Charlie attends a large public high school, and while his teachers worked quickly to move the curriculum online, it must be understood that students are not learning a new curriculum; they are receiving reinforcement lessons and enrichment exercises only. This is because public schools must remain equitable for all students across the district, and since accessibility can be an issue, the work they are doing cannot be required or graded.
So what does this mean for Charlie’s year-end grades? It is well known that colleges look for term-over-term grade improvements, especially in a student’s junior year—so what if Charlie loses the last two terms? If he doesn’t return to the classroom this year, how will his final year-end grades be calculated? What happens to the missed new curriculum that was supposed to be covered? Will his teachers pick up these lessons in the fall, or will they skip the material for good? Will all high schools across the country do the same thing? How will colleges evaluate junior year grades considering these likely discrepancies across the country?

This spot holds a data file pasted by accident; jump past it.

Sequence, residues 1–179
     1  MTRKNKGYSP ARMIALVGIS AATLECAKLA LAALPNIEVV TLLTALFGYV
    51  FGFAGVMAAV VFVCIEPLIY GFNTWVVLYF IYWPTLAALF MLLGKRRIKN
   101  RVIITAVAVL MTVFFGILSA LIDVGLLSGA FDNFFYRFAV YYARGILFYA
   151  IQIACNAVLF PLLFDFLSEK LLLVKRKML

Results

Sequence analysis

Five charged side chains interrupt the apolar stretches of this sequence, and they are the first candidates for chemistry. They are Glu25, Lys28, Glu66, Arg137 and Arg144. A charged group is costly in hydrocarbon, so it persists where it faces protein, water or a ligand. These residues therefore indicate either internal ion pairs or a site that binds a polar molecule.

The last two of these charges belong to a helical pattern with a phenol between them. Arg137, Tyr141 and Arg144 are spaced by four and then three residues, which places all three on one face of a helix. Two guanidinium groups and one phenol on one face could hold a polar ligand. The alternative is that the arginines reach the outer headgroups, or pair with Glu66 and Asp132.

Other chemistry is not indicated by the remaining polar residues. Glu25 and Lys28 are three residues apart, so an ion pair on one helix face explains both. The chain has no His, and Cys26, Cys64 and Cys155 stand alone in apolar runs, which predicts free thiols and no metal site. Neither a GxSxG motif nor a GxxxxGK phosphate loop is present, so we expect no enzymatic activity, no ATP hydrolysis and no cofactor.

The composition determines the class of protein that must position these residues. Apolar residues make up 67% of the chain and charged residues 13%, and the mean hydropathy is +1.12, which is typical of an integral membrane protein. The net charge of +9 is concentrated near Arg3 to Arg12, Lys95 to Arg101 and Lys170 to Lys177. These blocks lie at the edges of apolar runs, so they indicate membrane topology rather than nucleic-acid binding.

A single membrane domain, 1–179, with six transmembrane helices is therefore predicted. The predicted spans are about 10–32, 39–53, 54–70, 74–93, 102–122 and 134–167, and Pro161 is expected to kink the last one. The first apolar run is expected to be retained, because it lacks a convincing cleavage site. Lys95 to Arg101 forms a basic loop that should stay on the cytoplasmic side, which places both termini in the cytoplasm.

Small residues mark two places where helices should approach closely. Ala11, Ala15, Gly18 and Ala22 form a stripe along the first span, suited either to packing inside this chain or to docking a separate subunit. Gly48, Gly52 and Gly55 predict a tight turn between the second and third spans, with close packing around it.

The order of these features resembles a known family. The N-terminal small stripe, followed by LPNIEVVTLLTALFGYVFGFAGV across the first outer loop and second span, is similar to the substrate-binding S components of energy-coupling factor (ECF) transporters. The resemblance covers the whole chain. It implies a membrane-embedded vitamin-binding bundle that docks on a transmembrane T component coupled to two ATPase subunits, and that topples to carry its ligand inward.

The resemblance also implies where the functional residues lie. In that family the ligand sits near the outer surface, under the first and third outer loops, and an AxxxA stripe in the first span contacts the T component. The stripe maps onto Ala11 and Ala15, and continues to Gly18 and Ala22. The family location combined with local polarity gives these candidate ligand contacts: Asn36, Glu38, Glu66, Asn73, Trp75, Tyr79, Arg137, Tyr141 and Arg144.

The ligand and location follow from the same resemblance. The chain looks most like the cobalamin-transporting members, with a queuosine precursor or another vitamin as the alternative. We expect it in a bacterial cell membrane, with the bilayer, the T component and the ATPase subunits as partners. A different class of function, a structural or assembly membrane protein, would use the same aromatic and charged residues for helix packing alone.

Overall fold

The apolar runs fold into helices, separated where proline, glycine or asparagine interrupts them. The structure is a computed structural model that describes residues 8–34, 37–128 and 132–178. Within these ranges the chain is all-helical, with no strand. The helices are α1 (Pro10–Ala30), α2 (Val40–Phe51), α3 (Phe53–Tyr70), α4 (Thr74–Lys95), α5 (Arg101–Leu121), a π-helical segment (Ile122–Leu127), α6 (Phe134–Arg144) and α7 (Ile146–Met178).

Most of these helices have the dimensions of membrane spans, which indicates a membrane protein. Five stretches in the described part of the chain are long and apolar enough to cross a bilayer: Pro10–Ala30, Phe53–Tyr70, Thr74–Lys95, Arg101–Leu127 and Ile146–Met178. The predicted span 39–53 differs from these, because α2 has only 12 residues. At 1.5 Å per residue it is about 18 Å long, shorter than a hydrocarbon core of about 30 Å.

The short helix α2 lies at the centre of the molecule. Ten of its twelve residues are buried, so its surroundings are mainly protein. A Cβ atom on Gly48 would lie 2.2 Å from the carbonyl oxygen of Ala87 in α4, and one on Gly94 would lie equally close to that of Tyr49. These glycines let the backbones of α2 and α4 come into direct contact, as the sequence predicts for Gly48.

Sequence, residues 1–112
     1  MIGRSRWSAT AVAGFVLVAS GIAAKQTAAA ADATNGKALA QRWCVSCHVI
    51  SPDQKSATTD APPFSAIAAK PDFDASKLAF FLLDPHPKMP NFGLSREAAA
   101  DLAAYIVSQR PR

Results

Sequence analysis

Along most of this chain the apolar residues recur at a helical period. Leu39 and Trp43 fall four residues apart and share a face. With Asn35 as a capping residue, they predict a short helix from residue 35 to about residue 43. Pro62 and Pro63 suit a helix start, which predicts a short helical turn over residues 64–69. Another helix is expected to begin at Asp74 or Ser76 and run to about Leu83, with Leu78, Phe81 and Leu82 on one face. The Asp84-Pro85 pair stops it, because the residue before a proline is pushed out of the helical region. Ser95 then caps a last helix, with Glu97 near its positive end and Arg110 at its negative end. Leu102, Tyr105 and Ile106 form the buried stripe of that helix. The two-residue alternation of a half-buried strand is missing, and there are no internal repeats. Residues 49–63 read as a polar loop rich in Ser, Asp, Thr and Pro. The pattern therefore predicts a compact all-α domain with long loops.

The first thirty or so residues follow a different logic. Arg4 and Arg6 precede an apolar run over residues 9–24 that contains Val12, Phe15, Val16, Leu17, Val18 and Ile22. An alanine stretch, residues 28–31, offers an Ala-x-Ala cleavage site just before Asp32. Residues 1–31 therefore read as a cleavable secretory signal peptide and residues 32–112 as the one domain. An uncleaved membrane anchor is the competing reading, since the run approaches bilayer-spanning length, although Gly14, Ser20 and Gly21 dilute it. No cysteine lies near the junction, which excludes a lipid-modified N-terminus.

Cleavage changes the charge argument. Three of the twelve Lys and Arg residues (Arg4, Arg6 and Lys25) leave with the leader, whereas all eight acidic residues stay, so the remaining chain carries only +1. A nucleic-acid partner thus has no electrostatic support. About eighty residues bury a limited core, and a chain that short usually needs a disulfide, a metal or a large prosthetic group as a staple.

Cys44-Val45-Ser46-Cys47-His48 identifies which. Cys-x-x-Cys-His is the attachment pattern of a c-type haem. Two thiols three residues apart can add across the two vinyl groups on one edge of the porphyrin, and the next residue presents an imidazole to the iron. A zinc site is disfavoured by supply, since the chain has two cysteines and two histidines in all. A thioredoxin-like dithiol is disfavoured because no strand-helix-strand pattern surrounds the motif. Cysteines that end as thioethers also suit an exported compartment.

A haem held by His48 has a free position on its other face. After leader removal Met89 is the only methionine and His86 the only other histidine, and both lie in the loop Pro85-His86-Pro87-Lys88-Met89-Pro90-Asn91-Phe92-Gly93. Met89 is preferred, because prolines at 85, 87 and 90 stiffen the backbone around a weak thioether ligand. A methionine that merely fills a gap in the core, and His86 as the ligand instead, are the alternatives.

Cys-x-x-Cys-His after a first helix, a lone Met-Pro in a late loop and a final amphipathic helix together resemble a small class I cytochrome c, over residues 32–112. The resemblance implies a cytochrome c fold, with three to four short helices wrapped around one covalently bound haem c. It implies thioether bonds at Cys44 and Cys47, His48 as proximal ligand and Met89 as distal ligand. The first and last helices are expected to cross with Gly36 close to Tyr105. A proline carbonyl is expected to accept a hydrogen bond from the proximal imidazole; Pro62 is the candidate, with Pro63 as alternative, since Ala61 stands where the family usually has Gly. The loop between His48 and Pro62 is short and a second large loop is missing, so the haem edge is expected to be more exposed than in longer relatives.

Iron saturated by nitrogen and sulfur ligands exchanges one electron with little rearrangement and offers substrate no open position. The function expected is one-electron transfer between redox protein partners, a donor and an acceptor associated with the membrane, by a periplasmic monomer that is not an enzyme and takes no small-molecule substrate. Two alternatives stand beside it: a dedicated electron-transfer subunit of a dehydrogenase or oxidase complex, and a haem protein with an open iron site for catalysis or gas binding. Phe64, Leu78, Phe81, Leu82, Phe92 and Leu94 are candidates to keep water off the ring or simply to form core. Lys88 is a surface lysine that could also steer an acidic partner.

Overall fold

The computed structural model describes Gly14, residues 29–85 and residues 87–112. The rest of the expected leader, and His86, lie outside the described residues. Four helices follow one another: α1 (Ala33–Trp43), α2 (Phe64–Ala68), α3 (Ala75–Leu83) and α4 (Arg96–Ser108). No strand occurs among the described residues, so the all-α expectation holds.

Missing extracurricular activities
I am saddened for all the student-athletes, community service participants, club organizers, student government leaders, part-time student employees, and so many more, as all those opportunities and extracurriculars have been halted indefinitely. I feel for the students missing out on these formative experiences, but I also wonder how it will affect their overall college application. For many of them, they are missing these pinnacle moments that would normally round out their college résumé.
What will the fall of Charlie’s senior year look like now? As we know, the fall for any senior is among the busiest and most stressful times of a student’s high school career. But what if they are now forced to 1) visit all the schools they couldn’t in the spring, 2) take all their standardized testing, and 3) pack in months of missed curriculum and extracurriculars into the first term? What will this do to the mental health and stress of our students? Will colleges consider moving (or removing) Early Decision and Early Action deadlines to allow more time for all the “extras” and “what ifs” that our soon-to-be seniors will face?